Sue me for the pun later. First, let me tell you about Lensman.
I’ve been on this run of serial fiction lately, picking up collections of stuff that originally came out in Astounding Science Fiction or The Magazine of Science Fiction and Fantasy. I started with the original run of Elric stories, if for no other reason than that Amazon gave the Kindle edition away for free. Something about the raw rush of energy really hit me, even through the dripping-with-emo aura of Moorcock’s albino hero. It was something fantasy had not been to me in a long time: a really, really good time.
So I wanted more, naturally. I considered Conan, but Brennen suggested something else: “Doc” E. E. Smith’s Lensman books. Sure, I thought, why not? I have a severe Science Fiction deficit in my reader-ography, so why not start with the grandaddy of space opera? I always thought the title Lensman sounded a bit goofy, but it wasn’t like that was a fair criticism of anything after I just finished four novellas about an albino with a soul stealing sword called Stormbringer.
I decided to start with Galactic Patrol, which isn’t exactly the first story in the series, but is the first with its central character, Kimball Kinnison, and covers his first battle with the Boskone pirates. I wasn’t sure if it was even going to hit me, so rather than try and read the whole series straight through and end up potentially bored, I did something I usually don’t and started in the middle. I’m glad I did. Galactic Patrol is just a great, great time. It’s filled with strange planets, bizarre creatures and insane space battles. There are spy-beams and projectors and screens and all kinds of other pseudo-scientific things on display, most of which barely makes sense at first but eventually becomes part of the rhythm of the language. Spy beams flicked out. Screens gave off rainbow color under the force of the projectors. Wacky stuff. Fun.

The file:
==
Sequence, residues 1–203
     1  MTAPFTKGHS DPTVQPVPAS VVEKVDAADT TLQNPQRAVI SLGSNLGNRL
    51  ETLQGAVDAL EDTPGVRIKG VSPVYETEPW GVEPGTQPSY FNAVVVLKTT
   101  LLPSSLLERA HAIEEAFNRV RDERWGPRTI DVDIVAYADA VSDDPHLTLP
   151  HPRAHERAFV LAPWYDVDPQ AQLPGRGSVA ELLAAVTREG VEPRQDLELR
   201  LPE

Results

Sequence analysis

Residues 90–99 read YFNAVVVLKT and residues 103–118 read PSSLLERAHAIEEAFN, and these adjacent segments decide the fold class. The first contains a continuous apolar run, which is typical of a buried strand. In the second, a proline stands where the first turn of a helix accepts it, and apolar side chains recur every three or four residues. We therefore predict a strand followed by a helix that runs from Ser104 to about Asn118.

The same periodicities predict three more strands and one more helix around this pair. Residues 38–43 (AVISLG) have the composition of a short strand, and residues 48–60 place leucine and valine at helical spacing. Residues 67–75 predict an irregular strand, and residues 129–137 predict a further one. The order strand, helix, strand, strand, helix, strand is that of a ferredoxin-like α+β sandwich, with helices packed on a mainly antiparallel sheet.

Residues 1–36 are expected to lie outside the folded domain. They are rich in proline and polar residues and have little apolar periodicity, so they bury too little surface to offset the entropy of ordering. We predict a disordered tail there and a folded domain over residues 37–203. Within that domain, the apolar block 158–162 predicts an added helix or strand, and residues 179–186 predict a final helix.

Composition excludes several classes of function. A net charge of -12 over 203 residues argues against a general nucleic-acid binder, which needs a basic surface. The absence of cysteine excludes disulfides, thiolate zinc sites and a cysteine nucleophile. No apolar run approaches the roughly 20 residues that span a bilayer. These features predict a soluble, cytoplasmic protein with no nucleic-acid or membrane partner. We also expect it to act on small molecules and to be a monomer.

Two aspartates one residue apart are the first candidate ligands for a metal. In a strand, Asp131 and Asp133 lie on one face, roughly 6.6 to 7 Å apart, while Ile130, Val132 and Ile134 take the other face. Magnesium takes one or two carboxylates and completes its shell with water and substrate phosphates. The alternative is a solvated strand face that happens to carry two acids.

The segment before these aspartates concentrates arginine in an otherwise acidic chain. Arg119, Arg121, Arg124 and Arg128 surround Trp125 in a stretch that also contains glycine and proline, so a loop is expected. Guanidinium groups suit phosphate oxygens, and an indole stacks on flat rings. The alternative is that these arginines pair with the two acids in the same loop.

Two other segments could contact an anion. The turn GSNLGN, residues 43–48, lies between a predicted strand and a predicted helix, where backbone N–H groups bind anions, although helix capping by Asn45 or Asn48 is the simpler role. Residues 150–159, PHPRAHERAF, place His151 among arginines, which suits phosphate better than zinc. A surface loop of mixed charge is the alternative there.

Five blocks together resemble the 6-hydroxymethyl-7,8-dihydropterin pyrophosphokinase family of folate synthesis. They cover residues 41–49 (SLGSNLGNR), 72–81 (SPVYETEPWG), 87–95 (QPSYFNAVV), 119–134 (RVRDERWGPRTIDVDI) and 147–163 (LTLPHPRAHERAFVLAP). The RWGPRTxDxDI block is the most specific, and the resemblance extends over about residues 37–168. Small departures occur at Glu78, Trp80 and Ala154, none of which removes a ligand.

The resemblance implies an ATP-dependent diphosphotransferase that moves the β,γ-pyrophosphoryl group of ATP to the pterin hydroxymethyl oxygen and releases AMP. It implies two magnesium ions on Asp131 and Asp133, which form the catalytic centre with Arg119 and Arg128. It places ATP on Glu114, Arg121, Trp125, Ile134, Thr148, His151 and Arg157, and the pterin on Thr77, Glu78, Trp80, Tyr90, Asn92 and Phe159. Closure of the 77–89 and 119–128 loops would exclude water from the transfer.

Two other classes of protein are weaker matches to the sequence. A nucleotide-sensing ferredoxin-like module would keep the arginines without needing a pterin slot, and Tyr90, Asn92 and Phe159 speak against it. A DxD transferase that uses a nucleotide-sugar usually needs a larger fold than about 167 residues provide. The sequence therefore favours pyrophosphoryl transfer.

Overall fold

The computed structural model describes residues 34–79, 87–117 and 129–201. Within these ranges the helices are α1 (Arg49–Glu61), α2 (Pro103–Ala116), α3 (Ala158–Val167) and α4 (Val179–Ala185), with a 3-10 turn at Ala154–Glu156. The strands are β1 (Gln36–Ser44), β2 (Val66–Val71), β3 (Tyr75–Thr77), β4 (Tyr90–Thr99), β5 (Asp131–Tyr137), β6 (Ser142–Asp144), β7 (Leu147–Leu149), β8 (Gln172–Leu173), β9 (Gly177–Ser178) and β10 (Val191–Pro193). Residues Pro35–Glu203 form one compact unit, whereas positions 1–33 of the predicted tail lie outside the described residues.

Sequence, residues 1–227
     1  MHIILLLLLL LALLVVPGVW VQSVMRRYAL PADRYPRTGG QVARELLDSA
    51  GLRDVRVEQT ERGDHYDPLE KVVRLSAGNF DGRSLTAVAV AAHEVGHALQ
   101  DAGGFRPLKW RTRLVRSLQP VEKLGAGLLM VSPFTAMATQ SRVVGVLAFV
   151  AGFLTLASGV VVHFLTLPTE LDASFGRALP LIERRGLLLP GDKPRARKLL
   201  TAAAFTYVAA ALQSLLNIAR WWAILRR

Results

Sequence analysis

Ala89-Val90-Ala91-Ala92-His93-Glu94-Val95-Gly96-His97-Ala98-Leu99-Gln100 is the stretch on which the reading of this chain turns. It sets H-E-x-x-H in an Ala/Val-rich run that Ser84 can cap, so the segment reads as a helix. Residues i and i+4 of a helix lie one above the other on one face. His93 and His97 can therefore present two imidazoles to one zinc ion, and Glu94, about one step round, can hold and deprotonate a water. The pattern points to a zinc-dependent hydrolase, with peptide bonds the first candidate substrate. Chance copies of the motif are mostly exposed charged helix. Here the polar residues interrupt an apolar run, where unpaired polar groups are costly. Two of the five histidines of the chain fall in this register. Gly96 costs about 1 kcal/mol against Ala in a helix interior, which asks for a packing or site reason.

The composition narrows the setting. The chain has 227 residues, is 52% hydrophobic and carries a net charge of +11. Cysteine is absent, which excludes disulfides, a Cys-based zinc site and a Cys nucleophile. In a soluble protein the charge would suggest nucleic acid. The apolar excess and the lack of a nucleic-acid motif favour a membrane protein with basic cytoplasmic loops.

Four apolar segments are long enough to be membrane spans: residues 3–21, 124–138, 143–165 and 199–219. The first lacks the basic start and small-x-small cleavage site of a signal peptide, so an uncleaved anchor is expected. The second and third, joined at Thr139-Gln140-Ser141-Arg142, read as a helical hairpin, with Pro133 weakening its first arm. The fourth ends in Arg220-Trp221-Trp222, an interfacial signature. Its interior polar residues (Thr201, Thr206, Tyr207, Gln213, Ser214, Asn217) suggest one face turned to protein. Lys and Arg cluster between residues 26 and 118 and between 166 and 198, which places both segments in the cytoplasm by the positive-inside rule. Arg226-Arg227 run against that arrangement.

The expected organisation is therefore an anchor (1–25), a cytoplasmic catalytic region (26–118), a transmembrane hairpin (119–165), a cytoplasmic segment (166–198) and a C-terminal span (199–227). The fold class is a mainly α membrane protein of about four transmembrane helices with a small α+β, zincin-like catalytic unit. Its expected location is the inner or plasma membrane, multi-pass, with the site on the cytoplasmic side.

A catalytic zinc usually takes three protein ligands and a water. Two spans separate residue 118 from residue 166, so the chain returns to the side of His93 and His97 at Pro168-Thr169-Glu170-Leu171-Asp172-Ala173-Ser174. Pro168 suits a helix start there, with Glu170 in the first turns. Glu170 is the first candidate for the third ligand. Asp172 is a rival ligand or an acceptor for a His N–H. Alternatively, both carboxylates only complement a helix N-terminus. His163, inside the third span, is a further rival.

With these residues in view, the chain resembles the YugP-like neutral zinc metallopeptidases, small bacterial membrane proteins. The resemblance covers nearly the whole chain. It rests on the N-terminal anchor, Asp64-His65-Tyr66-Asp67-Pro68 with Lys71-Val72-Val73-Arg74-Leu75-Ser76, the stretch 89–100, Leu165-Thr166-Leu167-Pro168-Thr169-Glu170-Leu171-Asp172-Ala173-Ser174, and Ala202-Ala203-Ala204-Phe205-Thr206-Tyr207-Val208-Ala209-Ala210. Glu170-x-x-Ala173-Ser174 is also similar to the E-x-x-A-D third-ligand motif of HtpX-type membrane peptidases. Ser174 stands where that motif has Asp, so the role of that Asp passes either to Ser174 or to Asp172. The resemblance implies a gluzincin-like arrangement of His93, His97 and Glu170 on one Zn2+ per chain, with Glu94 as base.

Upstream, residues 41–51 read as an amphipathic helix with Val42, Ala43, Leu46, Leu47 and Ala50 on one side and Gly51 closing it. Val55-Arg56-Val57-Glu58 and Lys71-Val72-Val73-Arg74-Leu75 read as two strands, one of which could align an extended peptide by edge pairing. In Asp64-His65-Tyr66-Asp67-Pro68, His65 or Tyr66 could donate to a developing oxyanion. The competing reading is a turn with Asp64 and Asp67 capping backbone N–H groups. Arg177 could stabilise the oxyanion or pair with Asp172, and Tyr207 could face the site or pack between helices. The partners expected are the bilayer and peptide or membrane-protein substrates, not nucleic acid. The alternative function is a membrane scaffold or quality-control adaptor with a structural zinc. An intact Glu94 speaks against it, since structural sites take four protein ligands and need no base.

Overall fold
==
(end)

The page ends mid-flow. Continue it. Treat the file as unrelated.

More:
If you liked Star Wars and can give some really clunky 1930’s dialogue a pass, I think you’d have to work not to have fun reading Galactic Patrol.
Now I’m onto the first book of The Chronicles of Amber, Nine Princes in Amber. After that, I’ve got both Grey Lensman, the next book in Smith’s series, and The Savage Tales of Solomon Kane by Robert E. Howard. Solomon Kane just got made into what’s supposedly a pretty awesome film, so before it hits in the U.S. I thought I should read some of the original stories of Howard’s Puritan demon hunter. I mean, really; Puritan demon hunter. That’s almost all you have to know.